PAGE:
Economics of Yongchak trade: Yongchak is sold in several forms like detached flowers, in bunches, in pods, seeds, etc. In the beginning of the season, (October-November), yongchak pod is sold at Khwairamband bazaar at the rate of Rs. 100/- per strip or 3 strips for Rs. 200/-. The rate will decrease in December ~ January. The season for yongchak is from November to April. The traders brought in yongchak from Myanmar and Nagaland including from Jiribam district, Manipur. At Namphalong market (Myanmar), the price of yonchak per bean stick was Rs. 4.50 at the minimum and Rs. 15 per stick at the maximum. At an average about 1,70,000 bean sticks of yongchak were sold at Namphalong market daily. It was estimated that Manipur spent Rs. 12 lakh daily in buying yongchak from Myanmar traders. At that rate, the amount spent by Manipur in buying yongchak from Myanmar stands at about Rs. 3,60,00,000/- per month. The seed in April was sold at Rs. 800 per kg at Namphalong (The Sangai Express, 8th May, 2016).
Discussion: The Manipuri cuisine offers recipes starting from flowers (sales price at Kwairamband bazaar is Rs. 10 – 15/- per tea glass) and the tender beans to the dried mature beans. The Manipuris have a simple way of preserving yongchak. They select the mature beans and simply hang it up to let it dry. The deep green beans are allowed to turn black. Either they continue to hang like so or they may be taken down to be de-seeded. The seeds are then stored. As and when they are needed, they are taken out and soaked to be used for cooking. The seeds are black on the outside but the inner kernel is deep green which is eaten. Apart from Manipur, yongchak is also harvested in the neighbouring north eastern states including Nagaland. In fact, the small marginal traders (The Imas) have to purchase it from other regions to meet demand at times. Owing to difference in soil type and climate its flavour varies a little from one region to another. Since yongchak are high in protein that could lead to adverse effects on kidneys. After we eat yongchak, there is a smell which does not end at the meal, but it will follow in our urine. However, this odour is very pervasive and could stay in the excretory system of our body and in our mouth for 2-3 days, that is why it is known as – stink bean. Moreover, one may experience flatulence and bloating as a result of gases formed by the breakdown of the complex carbohydrates in the digestive tracts, especially if we didn’t cook the yongchak properly.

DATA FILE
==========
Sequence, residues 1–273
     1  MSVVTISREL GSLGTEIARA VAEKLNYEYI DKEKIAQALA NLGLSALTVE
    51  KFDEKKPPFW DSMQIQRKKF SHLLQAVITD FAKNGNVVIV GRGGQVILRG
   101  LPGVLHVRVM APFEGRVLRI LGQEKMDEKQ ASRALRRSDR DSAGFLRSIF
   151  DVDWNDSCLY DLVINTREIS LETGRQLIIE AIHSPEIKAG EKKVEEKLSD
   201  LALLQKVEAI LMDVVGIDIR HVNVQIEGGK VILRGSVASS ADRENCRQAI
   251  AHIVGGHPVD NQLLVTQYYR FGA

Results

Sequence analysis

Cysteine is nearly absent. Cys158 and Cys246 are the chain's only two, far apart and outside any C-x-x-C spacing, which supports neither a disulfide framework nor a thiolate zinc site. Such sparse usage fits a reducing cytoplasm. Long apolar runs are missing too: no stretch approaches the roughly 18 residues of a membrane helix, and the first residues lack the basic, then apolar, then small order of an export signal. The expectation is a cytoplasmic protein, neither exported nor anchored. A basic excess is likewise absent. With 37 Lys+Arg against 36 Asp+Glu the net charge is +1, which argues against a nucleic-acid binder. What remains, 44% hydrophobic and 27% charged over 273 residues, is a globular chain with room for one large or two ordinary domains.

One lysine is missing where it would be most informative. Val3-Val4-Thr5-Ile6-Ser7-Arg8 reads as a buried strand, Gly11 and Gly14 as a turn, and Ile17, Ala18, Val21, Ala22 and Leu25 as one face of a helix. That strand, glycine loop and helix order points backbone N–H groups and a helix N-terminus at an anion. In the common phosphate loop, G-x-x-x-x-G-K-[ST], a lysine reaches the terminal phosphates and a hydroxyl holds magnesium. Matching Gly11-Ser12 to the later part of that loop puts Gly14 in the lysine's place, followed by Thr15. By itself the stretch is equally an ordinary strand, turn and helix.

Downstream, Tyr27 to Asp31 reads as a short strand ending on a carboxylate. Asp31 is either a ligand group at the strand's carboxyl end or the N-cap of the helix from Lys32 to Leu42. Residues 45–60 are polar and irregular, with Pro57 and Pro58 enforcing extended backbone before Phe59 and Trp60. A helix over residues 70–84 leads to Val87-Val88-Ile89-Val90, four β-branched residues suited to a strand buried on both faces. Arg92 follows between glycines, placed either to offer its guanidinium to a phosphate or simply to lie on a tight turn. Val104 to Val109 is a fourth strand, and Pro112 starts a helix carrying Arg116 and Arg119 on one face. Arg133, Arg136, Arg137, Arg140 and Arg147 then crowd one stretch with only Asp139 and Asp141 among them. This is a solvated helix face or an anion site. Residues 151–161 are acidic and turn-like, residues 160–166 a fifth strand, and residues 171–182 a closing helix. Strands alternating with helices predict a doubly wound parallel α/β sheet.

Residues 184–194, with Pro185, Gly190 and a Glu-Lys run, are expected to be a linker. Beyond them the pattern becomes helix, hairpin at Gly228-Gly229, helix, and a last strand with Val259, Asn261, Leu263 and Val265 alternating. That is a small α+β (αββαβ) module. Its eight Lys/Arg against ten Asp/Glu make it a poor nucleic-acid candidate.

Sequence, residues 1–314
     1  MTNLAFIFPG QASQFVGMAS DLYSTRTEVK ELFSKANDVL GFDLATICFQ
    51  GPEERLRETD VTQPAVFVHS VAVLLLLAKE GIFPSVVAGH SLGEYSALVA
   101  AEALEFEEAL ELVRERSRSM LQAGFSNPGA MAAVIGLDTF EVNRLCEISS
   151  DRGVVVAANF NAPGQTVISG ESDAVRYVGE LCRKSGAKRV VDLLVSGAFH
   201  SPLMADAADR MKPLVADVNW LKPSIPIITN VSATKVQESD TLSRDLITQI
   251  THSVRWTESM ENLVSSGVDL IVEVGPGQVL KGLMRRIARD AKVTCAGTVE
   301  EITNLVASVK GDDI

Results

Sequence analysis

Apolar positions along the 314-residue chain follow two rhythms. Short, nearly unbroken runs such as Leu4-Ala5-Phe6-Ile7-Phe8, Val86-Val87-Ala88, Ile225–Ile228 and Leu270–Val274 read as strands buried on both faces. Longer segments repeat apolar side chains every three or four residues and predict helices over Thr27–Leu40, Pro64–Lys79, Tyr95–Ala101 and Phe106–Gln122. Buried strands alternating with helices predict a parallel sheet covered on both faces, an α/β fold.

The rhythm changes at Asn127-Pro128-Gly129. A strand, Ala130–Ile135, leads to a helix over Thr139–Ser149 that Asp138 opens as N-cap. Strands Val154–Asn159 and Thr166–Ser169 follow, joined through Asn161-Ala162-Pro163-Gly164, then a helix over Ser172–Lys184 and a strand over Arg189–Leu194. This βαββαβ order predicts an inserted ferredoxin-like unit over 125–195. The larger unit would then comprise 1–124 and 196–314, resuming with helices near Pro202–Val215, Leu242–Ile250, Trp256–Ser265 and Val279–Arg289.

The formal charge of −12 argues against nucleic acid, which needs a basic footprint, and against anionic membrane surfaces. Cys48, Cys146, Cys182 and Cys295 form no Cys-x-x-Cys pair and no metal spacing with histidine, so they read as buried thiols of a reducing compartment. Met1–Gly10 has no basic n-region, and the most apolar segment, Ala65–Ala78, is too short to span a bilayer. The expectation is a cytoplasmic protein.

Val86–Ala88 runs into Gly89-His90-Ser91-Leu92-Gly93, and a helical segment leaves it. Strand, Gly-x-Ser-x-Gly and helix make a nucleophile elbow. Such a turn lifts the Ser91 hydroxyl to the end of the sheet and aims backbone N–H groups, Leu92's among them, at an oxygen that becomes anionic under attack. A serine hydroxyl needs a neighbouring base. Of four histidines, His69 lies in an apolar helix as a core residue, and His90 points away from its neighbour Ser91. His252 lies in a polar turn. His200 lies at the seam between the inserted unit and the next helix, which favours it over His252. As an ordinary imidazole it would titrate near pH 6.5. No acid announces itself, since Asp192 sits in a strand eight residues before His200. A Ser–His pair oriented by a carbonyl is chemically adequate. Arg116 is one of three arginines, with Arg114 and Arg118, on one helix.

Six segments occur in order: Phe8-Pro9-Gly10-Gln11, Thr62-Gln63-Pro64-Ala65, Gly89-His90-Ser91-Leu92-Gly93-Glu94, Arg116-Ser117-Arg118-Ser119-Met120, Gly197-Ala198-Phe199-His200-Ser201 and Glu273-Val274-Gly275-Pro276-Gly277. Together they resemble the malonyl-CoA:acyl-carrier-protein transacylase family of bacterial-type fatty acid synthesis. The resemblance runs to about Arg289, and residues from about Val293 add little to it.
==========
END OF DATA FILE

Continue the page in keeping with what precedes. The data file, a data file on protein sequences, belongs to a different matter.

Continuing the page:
Conclusion: A number of dishes are made in Manipuri households with the yongchak. Important items are yongchak singju and yongchak iromba. Love for yongchak by the Manipuris is simply blind. They do not think twice to buy yongchak at any price.
[The writer is former Professor (Higher Academic Grade)/Life Science, Manipur University and former Dean, School of Life Sciences, Manipuri University and can be contacted at firstname.lastname@example.org]
Dr N Irabanta Singh